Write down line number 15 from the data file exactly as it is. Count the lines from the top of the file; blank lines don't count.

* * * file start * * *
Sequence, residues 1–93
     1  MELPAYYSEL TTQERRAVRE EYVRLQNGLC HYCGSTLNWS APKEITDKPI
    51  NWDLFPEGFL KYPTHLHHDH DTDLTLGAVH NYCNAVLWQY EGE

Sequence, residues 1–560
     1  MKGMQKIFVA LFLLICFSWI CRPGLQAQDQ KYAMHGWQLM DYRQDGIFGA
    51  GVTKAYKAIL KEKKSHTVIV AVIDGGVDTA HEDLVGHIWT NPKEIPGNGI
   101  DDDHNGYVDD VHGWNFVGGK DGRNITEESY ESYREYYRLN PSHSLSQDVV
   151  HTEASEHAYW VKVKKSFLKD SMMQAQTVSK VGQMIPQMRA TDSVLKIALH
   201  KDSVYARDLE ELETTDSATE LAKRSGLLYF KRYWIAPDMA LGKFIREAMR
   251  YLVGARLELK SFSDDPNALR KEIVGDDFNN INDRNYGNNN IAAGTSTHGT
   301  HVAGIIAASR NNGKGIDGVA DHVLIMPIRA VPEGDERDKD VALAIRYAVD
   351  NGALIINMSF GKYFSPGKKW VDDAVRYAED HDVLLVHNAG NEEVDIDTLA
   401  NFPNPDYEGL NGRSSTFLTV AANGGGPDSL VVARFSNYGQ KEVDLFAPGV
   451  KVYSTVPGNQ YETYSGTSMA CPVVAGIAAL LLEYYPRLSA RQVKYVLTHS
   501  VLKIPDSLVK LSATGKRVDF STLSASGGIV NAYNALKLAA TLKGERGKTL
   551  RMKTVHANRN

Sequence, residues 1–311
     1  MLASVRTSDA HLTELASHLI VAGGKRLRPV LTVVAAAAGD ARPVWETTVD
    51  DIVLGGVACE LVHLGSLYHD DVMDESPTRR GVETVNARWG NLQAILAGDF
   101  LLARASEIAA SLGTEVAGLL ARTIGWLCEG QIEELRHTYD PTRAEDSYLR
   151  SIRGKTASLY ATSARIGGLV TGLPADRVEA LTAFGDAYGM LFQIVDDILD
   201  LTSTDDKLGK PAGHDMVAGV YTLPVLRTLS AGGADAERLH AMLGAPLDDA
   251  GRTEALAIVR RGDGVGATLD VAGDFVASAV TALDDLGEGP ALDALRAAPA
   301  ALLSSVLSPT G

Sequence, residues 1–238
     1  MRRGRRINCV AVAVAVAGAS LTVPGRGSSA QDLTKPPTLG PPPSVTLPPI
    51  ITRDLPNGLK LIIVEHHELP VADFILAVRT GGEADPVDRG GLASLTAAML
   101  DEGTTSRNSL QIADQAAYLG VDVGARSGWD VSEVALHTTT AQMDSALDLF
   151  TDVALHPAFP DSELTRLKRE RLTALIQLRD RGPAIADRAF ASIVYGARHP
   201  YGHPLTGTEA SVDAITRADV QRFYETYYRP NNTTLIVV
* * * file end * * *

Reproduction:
   501  VLKIPDSLVK LSATGKRVDF STLSASGGIV NAYNALKLAA TLKGERGKTL